In a column last spring, I reflected on Judy Blume’s legacy and highlighted several middle-grade authors who have taken up her mantle, often by writing probing works on menstruation. Among these works is Calling the Moon: 16 Period Stories From BIPOC Authors (2023), edited by Aida Salazar and Yamile Saied Méndez.

Recently, I was delighted to see a new book from Salazar, this time exploring a teenage boy’s experiences with puberty. Ultraviolet (Scholastic, April 2), a novel in verse, follows 13-year-old Mexican American Elio Solis through first love—and first heartbreak. Calling the Moon offered a new take on Blume’s 1970 classic, Are You There God? It’s Me, Margaret. In many ways, Ultraviolet is a spiritual successor to Blume’s Then Again, Maybe I Won’t (1971), about 12-year-old Tony Miglione, whose family moves from Jersey City to a wealthy Long Island suburb.

Blume and Salazar both examine the often mortifying experiences of puberty with a mixture of tenderness and humor. Tony wonders what to do if he unexpectedly gets an erection in public (his solution: carry a raincoat everywhere), while Elio cringes when his mother notices he has an erection one morning. But in other ways, the boys are worlds apart. Tony often spies on his crush, next-door neighbor Lisa, as she undresses. Though he feels conflicted, he decides that his actions are acceptable, since nobody knows what he’s doing. Readers might feel differently: How would Lisa feel if she knew?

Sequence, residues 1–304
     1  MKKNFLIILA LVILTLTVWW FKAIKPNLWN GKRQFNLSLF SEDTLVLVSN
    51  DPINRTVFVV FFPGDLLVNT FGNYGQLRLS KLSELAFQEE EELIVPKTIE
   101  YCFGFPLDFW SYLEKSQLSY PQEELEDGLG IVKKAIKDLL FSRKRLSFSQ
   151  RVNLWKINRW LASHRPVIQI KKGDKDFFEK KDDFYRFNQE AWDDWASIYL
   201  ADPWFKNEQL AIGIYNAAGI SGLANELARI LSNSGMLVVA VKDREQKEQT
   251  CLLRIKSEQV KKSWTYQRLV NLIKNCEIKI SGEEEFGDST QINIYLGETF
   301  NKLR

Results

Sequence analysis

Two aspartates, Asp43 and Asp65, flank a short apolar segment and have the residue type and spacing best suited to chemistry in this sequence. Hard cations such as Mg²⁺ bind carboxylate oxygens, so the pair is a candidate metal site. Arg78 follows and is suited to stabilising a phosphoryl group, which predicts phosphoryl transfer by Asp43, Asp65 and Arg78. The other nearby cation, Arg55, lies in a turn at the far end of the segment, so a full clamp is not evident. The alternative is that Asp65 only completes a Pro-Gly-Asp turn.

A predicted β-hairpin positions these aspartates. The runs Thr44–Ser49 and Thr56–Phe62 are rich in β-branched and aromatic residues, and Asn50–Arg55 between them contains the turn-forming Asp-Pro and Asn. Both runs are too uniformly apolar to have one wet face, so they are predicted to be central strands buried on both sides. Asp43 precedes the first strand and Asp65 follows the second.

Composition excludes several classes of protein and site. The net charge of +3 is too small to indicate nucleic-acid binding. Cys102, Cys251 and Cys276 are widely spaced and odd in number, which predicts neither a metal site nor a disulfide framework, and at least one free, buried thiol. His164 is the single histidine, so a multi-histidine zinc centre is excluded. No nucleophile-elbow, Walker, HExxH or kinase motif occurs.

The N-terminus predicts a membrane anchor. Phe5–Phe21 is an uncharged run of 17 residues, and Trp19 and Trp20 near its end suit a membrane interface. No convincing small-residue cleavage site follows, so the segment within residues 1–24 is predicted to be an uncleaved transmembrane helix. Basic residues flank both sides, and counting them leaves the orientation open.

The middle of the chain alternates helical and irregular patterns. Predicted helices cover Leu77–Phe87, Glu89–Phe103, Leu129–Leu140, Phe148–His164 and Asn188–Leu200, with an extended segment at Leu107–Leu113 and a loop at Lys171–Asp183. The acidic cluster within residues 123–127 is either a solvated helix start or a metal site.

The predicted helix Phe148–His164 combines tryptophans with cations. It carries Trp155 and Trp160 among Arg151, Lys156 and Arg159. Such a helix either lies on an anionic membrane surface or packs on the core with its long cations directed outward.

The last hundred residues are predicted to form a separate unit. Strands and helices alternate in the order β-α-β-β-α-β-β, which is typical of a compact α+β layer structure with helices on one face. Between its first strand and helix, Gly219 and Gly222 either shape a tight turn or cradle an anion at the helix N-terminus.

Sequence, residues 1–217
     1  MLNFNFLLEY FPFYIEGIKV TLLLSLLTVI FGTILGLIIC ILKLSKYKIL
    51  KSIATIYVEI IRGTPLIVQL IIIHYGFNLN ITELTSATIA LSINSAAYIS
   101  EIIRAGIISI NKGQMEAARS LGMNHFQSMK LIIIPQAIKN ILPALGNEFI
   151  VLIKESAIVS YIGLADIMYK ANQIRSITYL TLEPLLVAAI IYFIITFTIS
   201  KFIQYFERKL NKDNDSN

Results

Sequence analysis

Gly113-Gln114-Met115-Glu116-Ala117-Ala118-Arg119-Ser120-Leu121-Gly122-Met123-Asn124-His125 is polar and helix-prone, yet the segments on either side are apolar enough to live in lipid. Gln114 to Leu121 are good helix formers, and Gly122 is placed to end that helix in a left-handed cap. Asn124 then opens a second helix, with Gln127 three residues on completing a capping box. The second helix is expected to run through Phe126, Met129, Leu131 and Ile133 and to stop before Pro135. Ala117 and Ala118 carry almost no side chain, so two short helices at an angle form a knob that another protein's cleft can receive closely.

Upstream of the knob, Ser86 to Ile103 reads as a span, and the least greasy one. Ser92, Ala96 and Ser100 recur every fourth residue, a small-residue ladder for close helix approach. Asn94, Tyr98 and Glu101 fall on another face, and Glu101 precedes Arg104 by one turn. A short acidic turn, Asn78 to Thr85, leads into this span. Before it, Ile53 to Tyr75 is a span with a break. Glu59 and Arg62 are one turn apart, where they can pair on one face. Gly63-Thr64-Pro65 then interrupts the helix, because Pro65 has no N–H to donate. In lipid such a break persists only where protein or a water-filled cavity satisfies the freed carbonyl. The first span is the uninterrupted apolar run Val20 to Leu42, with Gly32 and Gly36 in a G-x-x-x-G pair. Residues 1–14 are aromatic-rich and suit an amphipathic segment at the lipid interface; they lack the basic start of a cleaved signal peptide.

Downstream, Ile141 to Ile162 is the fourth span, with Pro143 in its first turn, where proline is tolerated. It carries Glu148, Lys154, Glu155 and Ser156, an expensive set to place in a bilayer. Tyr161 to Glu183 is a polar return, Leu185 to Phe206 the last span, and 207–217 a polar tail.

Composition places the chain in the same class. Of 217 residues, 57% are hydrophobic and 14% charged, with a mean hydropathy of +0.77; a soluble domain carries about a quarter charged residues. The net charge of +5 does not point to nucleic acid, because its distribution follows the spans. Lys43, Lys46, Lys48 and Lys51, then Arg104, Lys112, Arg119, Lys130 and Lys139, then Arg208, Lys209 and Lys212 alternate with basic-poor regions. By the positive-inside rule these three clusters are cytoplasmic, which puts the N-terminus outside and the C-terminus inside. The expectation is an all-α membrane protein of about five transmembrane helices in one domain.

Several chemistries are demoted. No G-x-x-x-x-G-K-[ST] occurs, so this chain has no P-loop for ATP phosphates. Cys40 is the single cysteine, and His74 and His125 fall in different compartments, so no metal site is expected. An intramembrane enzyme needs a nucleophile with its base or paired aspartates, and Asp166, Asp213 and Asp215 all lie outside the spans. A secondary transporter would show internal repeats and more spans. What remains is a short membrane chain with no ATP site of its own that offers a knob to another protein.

Blume broke ground with her candid depictions of adolescent sexuality, but she also glossed over hurtful behavior—a reflection of the “boys will be boys” attitude of the time.

Salazar, in contrast, holds her protagonist—and her readers—to a higher standard. Elio is devastated after his girlfriend, Camelia, breaks things off, and when her new boyfriend offers to share photos of her in a bikini, he eagerly accepts, in part because he wants to hurt her, just as she’s hurt him: “Let Camelia suffer, let the pictures roll!”

These are words he later regrets once he sees the error of his ways, but he resolves to grow into a strong, empathetic man. Unlike Tony, whose tendency to bottle up his emotions leads to debilitating stomachaches, Elio doesn’t have to do it alone. Earlier in the novel, his father introduces him to a support group for adolescent boys, and after the breakup, his mother assures him that it’s OK to cry.

It’s tempting to look at Then Again, Maybe I Won’t and feel smug—See how far we’ve come? Sexism remains terrifyingly common, however; just look at the misogyny peddled by social media influencers such as Andrew Tate. Still, books like Ultraviolet give me hope. They offer a blueprint for a new conception of masculinity, for a world where young men take pride in being gentle nurturers—in one of my favorite scenes, Elio and his mother assemble a care package to help Camelia cope with menstrual cramps—and maybe even a world where the patriarchy is ultimately dismantled. As Elio’s mother tells him, “Keep your heart open, amor. / We need it from boys and men in this world.”

Mahnaz Dar is a young readers’ editor.